BLOMIDON                                                              30

THE NIGHT SKY                                                         31

TIDES                                                                 32

THE DESERTED CITY                                                     33

DARK                                                                  34

RAIN                                                                  35

MIST                                                                  36

MOONLIGHT                                                             37

O SOLITARY OF THE AUSTERE SKY                                         38


_POEMS_

AUTOCHTHON                                                            39

THE TIDE ON TANTRAMAR                                                 42

THE VALLEY OF THE WINDING WATER                                       51

MARSYAS                                                               52

THE FORTRESS                                                          54

SEVERANCE                                                             55

EPITAPH FOR A SAILOR BURIED ASHORE                                    56

THE SILVER THAW                                                       57

THE LILY OF THE VALLEY                                                60

THE NIGHT-HAWK                                                        61

THE HERMIT-THRUSH                                                     63

THE WILD-ROSE THICKET                                                 65

MY TREES                                                              66

THE HAWKBIT                                                           67

GREY ROCKS AND GREYER SEA                                             68

A SONG OF CHEER                                                       69

A SONG OF GROWTH                                                      71

TO G. B. R.                                                           73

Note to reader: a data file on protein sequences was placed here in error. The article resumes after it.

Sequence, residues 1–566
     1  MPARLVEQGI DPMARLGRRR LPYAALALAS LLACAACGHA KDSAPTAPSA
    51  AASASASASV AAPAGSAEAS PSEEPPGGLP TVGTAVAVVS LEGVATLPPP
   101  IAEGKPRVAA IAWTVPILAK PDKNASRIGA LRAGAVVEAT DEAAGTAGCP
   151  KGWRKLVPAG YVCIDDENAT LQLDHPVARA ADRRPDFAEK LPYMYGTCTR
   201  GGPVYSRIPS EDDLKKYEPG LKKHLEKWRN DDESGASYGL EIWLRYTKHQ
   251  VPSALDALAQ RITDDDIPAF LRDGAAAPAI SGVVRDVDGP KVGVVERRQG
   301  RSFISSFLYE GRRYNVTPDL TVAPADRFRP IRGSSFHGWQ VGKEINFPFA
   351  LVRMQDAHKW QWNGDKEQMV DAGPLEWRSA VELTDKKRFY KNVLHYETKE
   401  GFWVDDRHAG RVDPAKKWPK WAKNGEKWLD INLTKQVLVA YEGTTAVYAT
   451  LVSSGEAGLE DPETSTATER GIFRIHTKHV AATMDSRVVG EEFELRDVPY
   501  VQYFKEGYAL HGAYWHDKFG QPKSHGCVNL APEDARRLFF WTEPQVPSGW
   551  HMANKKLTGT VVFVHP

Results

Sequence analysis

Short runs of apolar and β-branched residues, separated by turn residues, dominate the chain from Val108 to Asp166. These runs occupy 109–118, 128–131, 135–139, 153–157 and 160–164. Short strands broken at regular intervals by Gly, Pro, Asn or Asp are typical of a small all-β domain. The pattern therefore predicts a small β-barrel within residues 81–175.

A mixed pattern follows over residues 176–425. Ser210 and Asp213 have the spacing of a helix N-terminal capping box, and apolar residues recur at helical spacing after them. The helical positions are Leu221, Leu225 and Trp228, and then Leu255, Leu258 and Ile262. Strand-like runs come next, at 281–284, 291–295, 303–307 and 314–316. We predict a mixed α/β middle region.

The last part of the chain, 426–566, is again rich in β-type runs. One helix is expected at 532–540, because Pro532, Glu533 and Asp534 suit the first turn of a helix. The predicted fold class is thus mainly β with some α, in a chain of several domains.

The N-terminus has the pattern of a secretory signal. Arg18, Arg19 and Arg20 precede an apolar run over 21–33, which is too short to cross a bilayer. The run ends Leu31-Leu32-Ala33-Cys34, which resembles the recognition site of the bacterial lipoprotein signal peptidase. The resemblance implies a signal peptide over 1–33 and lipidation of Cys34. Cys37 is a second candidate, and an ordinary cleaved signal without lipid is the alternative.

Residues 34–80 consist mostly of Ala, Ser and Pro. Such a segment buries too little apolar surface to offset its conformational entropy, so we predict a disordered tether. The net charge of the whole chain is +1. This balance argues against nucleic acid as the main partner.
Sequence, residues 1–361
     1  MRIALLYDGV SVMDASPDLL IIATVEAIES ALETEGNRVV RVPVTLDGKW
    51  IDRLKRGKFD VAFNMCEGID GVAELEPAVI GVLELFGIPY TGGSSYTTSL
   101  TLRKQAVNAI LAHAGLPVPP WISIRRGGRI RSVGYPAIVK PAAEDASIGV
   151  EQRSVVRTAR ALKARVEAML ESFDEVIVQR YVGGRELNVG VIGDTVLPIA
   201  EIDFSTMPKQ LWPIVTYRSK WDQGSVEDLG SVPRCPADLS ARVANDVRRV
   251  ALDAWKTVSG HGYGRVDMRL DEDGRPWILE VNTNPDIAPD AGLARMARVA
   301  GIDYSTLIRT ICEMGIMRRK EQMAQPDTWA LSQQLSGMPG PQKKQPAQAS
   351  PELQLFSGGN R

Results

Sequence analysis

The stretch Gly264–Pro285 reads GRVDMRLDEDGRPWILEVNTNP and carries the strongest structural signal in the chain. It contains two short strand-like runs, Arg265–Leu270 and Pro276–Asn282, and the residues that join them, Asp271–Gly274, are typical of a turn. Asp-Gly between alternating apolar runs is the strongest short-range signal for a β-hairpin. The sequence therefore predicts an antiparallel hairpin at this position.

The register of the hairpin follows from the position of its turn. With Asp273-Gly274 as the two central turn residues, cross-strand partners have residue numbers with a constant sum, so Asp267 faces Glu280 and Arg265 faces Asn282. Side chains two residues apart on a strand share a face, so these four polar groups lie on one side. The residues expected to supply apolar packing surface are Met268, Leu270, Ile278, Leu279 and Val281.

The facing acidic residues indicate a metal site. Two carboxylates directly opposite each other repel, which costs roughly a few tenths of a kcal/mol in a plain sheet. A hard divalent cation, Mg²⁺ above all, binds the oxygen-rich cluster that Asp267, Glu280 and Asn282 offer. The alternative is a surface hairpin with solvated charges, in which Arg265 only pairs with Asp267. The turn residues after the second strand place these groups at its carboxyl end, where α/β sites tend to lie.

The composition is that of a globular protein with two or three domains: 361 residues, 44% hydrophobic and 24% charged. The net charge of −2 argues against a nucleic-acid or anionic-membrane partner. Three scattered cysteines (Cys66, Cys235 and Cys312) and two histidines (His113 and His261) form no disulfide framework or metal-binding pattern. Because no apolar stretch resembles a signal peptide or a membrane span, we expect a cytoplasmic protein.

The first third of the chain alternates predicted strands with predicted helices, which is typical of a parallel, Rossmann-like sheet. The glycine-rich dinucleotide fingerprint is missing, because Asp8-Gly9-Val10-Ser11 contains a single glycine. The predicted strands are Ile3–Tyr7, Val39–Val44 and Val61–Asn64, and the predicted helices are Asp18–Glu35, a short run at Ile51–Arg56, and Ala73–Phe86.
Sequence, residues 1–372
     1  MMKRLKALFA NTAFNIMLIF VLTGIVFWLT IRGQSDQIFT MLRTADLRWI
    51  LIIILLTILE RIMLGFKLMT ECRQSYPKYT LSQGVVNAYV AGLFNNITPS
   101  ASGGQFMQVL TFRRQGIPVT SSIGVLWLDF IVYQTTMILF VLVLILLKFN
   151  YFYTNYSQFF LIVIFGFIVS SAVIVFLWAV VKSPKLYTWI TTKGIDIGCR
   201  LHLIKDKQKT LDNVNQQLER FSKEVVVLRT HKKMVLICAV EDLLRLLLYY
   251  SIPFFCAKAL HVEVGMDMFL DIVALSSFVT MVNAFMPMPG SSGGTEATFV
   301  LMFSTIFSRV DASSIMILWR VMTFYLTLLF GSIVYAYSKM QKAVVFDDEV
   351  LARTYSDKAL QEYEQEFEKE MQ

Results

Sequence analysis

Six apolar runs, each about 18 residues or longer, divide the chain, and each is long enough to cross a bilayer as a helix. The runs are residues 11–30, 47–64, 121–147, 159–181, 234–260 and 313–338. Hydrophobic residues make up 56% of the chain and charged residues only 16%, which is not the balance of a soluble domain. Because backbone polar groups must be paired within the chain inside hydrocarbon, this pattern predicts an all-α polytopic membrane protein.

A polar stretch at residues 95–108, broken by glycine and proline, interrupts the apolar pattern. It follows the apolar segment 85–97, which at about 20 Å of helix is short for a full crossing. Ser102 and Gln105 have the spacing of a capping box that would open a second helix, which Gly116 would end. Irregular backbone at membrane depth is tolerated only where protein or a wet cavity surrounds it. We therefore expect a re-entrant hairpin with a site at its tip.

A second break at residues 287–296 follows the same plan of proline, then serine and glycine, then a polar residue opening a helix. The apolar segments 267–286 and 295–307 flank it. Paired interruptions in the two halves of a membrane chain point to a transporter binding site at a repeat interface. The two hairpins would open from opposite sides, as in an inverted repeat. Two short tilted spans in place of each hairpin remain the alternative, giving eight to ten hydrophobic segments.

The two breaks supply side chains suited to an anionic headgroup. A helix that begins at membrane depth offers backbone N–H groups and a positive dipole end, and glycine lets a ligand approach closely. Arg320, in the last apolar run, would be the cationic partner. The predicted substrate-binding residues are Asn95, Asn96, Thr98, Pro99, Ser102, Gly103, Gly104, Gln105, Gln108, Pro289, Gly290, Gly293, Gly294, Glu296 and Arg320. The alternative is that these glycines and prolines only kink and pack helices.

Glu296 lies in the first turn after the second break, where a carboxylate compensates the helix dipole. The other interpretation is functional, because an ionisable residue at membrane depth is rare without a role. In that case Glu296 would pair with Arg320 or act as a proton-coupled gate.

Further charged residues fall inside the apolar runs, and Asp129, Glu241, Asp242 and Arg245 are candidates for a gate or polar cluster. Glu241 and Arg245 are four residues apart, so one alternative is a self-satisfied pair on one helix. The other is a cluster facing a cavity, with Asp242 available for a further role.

THE BIRD’S SONG, THE SUN, AND THE WIND                                74

OH, PURPLE HANG THE PODS                                              75

BRINGING HOME THE COWS                                                76

THE KEEPERS OF THE PASS                                               78

NEW YEAR’S EVE (_After the French of Fréchette_)                      81

A CHRISTMAS-EVE COURTIN’                                              84

THE SUCCOUR OF GLUSKÂP                                                91

HOW THE MOHAWKS SET OUT FOR MEDOCTEC                                  95

THE WOOD FROLIC                                                      100

CANADIAN STREAMS                                                     105

       *       *       *       *       *

AVE! AN ODE FOR THE CENTENARY OF SHELLEY’S BIRTH                     111



ACROSS THE FOG THE MOON LIES FAIR


    Across the fog the moon lies fair.
      Transfused with ghostly amethyst,
    O white Night, charm to wonderment
      The cattle in the mist!

    Thy touch, O grave Mysteriarch,
      Makes dull, familiar things divine.
    O grant of thy revealing gift
      Be some small portion mine!

    Make thou my vision sane and clear,
      That I may see what beauty clings
    In common forms, and find the soul
      Of unregarded things!



          _THE FURROW_


    How sombre slope these acres to the sea
      And to the breaking sun! The sun-rise deeps
      Of rose and crocus, whence the far dawn leaps,
    Gild but with scorn their grey monotony.
    The glebe rests patient for its joy to be.
      Past the salt field-foot many a dim wing sweeps;
      And down the field a first slow furrow creeps,
    Pledge of near harvests to the unverdured lea.

    With clank of harness tramps the serious team--
      The sea air thrills their nostrils. Some wise crows
      Feed confidently behind the ploughman’s feet.
    In the early chill the clods fresh cloven steam,
      And down its griding path the keen share goes:
      So, from a scar, best flowers the future’s sweet.



          _THE SOWER_


    A brown, sad-coloured hillside, where the soil
      Fresh from the frequent harrow, deep and fine,
      Lies bare; no break in the remote sky-line,
    Save where a flock of pigeons streams aloft,
    Startled from feed in some low-lying croft,
      Or far-off spires with yellow of sunset shine;